The Works of John Earl of Rochester: Containing Poems, on Several Occasions: His Lordship's Letters to Mr. Savil and Mrs. ** with Valentinian, a Tragedy. Never Before Publish'd Together
Jacob Tonson, at Shakespear's Head over-against Katherine-street in the Strand, 1714 - 314 pages
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The Works of John, Earl of Rochester: Containing Poems on Several Occasions ...
John Wilmot Rochester
No preview available - 2017
A R D E L I Æ C I U Beauty Bteast Bteath C H Y L A C H Y L A X C I V censute Cesat Chatms chuse Cteatute deat Death Desite Dteams dull Emperor Entet ev'ty evet Eyes Fame fantastick Fate Favout fear Feat Fools Friend ftom give Gods gteat happy hate Heart Heatt Heav'n hete Honout hope humble kill kind L U C I N Lady leave live Lord Lotd Love Lovet LUCINA Lycias LYCINIUS M A X I M U Madam Maximus mote Natute ne'et never nevet-dying Vetse othet pleas'd Pleasute PONTIUS Pow't PROCULUS Ptaise Ptinces ptove Scotn Sense Setvant Setvice shew Slaves SONG Soul Swotd Teats tell thee theit thete thing thought thto Tout Tutn VALENTINIAN Vittue wete Whete Woman Women Wotds Wotld wou'd Wtetch yout
Page 50 - I'd be a Dog, a Monkey or a Bear, Or any thing, but that vain Animal, Who is so proud of being rational.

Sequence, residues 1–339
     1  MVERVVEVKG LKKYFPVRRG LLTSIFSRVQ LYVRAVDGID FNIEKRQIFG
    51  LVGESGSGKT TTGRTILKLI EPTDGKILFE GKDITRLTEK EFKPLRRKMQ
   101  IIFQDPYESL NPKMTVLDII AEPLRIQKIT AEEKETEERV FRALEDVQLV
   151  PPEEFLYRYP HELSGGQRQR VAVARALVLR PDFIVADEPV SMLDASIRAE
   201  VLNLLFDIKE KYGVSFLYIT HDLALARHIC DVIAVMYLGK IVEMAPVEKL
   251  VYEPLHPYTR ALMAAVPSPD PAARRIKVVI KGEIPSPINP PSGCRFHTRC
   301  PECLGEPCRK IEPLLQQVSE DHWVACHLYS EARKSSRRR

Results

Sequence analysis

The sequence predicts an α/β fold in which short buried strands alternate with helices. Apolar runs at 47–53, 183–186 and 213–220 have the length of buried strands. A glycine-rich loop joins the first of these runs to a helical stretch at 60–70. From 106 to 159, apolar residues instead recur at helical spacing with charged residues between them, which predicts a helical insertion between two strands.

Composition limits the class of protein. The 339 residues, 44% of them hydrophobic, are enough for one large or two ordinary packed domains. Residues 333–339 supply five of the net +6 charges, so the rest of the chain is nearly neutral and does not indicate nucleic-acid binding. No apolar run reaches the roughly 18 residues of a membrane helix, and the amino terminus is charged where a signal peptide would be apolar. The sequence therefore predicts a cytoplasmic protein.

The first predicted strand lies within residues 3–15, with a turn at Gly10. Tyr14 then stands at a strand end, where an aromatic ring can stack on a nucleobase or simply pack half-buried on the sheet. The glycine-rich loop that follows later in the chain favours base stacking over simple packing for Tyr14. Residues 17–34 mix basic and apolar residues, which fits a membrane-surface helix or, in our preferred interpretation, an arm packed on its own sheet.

Page 23 - Tis not for pity that I move ; His fate is too aspiring, Whose heart, broke with a load of love, Dies wishing and admiring. But if this murder you'd forego, Your slave from death removing ; Let me your art of charming know, Or learn you mine of loving. But, whether life or death betide, In love 'tis equal measure : The victor lives with empty pride, The vanquished die with pleasure.
Page 91 - Dryden in vain try'd this nice way of Wit; For, he to be a tearing Blade, thought fit To give the Ladies a dry Bawdy Bob; And thus he got the Name of Poet Squab. But to be just, 'twill to his Praise be found, His Excellencies more than Faults abound: Nor dare I from his sacred Temples tear The Laurel, which he best deserves to wear.
Page 26 - Tis not that I am weary grown Of being yours, and yours alone : But with what face can I incline To damn you to be only mine : You, whom some kinder power did fashion, By merit, and by inclination, The joy at least of a.
Page 144 - I ever thought you an extraordinary man, and must now think you such a friend, who, being a courtier, as you are, can love a man, whom it is the great mode to hate.
Page 35 - But her constancy's so weak, She's so wild and apt to wander, That my jealous heart would break Should we live one day asunder. Melting joys about her move, Killing pleasures, wounding blisses, She can dress her eyes in love, And her lips can arm with kisses; Angels listen when she speaks, She's my delight, all mankind's wonder; But my jealous heart would break, Should we live one day asunder.
Page 121 - I'm out of favour with a certain poet, whom I have admired for the disproportion of him and his attributes. He is a rarity which I cannot but be fond of, as one would be of a hog that could fiddle, or a singing owl.
Page 52 - Tis not that they're belov'd, but fortunate; And therefore what they fear, at heart they hate. But now methinks some formal band and beard Takes me to task: Come on, sir, I'm prepar'd!
Page 43 - Courted, admir'd, and lov'd, with Presents fed; Youth in her Looks, and Pleasure in her Bed : 'Till Fate, or her ill Angel, thought it fit To make her...